The original set.Danish expat, Washington, D.C.-area resident, and maker Mathias Hansen put his many tech-related skills to work in the interest of making learning the alphabet more fun for young Montessori school students. Montessori schools are all about hands-on learning. Hansen, an accomplished software engineer at VideoBlocks, an online company that provides creative content–graphics, video, and audio–at affordable prices, recently fielded a question about how to revitalize an old hands-on alphabet set. Hansen recalled the initial engagement:

“I got an interesting question from a Montessori school recently. They had this material that consisted of a big box with a slot for each letter in the alphabet. Unfortunately many of the letters had gone missing over time, and they now no longer had the complete alphabet.”

It probably goes without saying that it’s pretty hard to make much with your ABCs if you have an incomplete set. Hansen suggested in response to the query that 3D printing would provide a quick and “relatively simple” solution to the problem of the missing letters. He found out later that, indeed, it was a simple enough solution although somewhat time consuming in the end.

Hansen began the project by taking a picture of the wooden alphabet box using his phone camera. The shape of each letter was already painted on the alphabet box, so Hansen decided to use the preexisting letter shapes to create his 3D models.

letters as png files

After creating the individual letters, Hansen used Photoshop to “slice out each letter” individually. He noted that while he used Photoshop for this part of the process, “Gimp or other image editing software should work just as well.” Working in Photoshop, he created a separate file for each letter of the alphabet, removing the background and rendering the foreground in black to simplify things.

With the letters “completely rasterized”–that is, converted to pixels on a grid–Hansen moved on to create vector versions of the letters so that they could be converted to 3D objects or models. The problem was that he didn’t know much about drawing vector shapes and, furthermore, wanted to be able to “automate the whole process” from that point forward.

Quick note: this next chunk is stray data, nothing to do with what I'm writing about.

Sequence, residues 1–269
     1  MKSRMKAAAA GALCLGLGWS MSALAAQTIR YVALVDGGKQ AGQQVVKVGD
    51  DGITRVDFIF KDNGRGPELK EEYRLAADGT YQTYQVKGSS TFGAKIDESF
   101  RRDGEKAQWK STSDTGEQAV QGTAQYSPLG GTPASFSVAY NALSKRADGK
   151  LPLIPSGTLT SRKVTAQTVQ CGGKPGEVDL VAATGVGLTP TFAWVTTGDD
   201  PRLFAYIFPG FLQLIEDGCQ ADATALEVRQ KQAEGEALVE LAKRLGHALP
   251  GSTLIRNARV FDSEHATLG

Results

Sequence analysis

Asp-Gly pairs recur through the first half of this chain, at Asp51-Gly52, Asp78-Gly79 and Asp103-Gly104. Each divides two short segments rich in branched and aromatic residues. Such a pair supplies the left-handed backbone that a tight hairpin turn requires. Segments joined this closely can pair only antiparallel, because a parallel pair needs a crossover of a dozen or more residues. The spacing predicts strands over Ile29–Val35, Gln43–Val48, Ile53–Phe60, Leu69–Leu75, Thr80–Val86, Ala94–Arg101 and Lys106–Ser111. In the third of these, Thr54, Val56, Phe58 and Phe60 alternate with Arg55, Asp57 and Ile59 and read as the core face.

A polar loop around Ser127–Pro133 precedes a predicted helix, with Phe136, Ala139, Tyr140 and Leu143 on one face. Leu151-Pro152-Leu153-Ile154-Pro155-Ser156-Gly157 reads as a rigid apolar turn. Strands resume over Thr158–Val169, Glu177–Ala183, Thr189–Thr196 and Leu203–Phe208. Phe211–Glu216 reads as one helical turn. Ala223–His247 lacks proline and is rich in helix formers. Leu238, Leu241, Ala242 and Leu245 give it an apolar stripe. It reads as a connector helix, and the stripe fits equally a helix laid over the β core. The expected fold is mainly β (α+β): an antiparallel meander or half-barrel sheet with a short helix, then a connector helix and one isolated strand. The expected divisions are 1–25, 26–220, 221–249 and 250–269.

“Luckily,” he explained, “I found an amazing open source project called “potrace” that did just that. A quick “brew install potrace” later, I was able to move on.”

fitting lettersA self-proclaimed fan of OpenSCAD, Hansen planned to import his vectorized images and then extrude each one to a thickness of 2mm. As it turns out, Hansen discovered, “you can invoke OpenSCAD from the command line and have it render to .stl without opening the GUI.” While it took some refining–see Hansen’s full description of the project on Medium–he arrived at the stage where he was ready to lay out his 3D models of each letter in the alphabet for printing.

In the interest of making the most of his material, Hansen used Cura to manually lay out the models so he could fit as many as possible into a single print job. He used his Lulzbot Mini 3D printer and OctoPrint to manage the approximately 35 print jobs, each of which took around 20 to 60 minutes. If it sounds time-consuming, it was, but Hansen managed it well.

letters“So, all I had to do was remove the printed parts from the build plate and then kick off the next one, but obviously 3D printing is not ideal for ‘mass manufacturing,’” he said.

That said, as his project demonstrates, large-batch (relatively speaking) projects like this one are completely manageable and are probably desirable if the project isn’t ongoing.

The final result is pretty impressive. Hansen concluded:

“It sure wasn’t the fastest or most practical way to solve the problem, but it was super fun working on automating the process and seeing the final product. The school was certainly also excited about getting their letters back.”

What do you think of these innovative letters? Discuss in the 3D Printed Alphabet forum over at 3DPB.com.

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